Gum may cause kids' migraines, Israeli study reveals
Tel Aviv University researchers find that a majority of subjects report significant relief after stopping to blow those bubbles.
Children and teenagers who experience tension headaches and migraines could find relief by not chewing gum, PsychCentral reported Sunday.
A study conducted by the Meir Medical Center at Tel Aviv University led by Dr. Nathan Watemberg found that out of 30 subjects tested, 26 reported significant improvement and 19 had complete headache resolution after stopping to blow those bubbles.
After a month without the gum, the 19 said the headaches went away entirely, while seven reported decrease. To test the results, 26 of them agreed to resume gum chewing for two weeks. All of them reported a return of their symptoms within days.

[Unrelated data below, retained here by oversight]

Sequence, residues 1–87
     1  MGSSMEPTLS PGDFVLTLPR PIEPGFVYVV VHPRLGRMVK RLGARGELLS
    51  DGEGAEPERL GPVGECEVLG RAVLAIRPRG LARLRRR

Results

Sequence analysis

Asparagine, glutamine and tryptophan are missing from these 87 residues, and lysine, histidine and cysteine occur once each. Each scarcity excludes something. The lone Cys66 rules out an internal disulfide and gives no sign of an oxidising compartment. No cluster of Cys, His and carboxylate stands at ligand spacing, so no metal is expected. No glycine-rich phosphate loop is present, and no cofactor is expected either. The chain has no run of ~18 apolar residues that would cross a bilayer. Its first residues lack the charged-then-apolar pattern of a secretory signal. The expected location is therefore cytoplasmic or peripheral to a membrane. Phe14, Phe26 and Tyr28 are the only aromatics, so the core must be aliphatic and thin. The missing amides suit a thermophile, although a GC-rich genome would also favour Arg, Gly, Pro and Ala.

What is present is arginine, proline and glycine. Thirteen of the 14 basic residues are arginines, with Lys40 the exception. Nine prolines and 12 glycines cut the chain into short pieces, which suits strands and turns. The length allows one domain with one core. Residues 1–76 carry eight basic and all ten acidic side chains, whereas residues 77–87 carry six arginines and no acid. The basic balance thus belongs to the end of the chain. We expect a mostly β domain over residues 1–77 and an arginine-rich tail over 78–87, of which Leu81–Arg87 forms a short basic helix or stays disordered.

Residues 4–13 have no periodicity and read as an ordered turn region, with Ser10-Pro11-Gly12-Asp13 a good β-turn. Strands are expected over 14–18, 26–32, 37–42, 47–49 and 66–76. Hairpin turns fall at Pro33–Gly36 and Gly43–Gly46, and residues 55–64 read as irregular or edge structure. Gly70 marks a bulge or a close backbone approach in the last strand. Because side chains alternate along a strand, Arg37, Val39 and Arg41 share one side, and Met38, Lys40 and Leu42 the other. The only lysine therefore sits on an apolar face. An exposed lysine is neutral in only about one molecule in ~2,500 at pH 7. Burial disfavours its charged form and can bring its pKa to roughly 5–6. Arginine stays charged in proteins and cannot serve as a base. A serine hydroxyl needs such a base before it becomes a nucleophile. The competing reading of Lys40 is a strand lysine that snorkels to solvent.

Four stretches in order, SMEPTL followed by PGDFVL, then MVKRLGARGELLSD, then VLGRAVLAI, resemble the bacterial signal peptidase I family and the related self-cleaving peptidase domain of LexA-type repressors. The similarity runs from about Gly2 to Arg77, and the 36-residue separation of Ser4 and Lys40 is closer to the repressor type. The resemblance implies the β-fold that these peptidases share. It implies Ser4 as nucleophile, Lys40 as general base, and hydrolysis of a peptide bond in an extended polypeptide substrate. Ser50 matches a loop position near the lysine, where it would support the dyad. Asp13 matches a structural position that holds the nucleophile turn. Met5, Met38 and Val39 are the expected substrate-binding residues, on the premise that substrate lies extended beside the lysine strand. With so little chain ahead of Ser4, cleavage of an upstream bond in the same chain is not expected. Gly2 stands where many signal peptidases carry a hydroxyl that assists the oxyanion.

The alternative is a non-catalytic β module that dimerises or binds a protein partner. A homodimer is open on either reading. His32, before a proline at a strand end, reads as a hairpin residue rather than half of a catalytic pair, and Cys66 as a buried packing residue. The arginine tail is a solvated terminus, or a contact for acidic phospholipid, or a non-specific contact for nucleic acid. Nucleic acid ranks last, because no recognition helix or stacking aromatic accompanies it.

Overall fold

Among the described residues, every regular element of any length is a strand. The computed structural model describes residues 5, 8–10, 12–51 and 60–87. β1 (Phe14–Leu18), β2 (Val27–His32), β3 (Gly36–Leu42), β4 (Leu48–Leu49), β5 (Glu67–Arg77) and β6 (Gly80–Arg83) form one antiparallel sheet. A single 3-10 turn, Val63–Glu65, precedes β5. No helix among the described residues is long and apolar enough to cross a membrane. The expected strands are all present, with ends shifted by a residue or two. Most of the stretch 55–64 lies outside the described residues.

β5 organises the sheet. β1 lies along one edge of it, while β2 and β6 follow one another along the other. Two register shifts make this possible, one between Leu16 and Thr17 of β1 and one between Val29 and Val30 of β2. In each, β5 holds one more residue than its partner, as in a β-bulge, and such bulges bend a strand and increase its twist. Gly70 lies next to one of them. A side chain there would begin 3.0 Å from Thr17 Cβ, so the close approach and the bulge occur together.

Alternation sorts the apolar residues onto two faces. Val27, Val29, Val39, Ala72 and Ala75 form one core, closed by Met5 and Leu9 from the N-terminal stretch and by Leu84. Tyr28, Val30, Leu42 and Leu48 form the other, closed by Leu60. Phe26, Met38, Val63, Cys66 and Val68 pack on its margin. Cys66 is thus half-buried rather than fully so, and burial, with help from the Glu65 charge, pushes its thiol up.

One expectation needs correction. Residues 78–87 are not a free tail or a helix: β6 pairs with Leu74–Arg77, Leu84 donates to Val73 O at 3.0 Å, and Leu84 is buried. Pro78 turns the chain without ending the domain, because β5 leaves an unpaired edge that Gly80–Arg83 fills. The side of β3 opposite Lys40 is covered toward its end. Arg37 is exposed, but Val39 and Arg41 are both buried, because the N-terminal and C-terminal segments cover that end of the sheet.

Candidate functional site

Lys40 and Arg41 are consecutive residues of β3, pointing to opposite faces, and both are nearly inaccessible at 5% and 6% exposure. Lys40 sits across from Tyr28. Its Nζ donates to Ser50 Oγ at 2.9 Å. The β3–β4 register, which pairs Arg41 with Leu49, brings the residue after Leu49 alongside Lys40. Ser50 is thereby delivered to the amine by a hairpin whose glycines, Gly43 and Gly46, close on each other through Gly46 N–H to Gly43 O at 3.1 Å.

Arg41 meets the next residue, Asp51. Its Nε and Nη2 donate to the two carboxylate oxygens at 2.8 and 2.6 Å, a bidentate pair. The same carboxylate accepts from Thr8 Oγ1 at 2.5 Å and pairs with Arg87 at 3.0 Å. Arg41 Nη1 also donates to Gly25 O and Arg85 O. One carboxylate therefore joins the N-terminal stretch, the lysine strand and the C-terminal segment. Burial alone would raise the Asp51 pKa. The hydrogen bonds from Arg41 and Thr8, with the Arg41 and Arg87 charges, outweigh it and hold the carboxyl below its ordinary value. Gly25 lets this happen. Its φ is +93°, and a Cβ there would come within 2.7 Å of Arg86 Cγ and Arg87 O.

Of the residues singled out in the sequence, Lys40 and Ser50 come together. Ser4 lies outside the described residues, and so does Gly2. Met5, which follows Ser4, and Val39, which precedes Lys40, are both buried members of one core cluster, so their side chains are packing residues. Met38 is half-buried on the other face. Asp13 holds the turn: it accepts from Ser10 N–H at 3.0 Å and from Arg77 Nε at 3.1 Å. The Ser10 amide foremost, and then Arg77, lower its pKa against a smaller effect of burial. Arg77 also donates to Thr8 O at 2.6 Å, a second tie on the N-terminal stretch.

Dr. Watemberg noted that at the Meir Medical Center’s Child Neurology Unit and Child Development Center, many patients who complained of headaches were also daily gum chewers. When they stopped chewing, many found relief.
He said headaches are common among children, especially teenage girls, who are also frequent gum chewers. Headaches can become even more common during adolescence. common causes include stress, fatigue, video games, noise, smoking, missed meals and menstruation.
Watemberg said that by advising teenagers with chronic headaches to stop chewing gum, doctors can provide many of them with quick and effective treatment, without the need for expensive diagnostic tests or medications.
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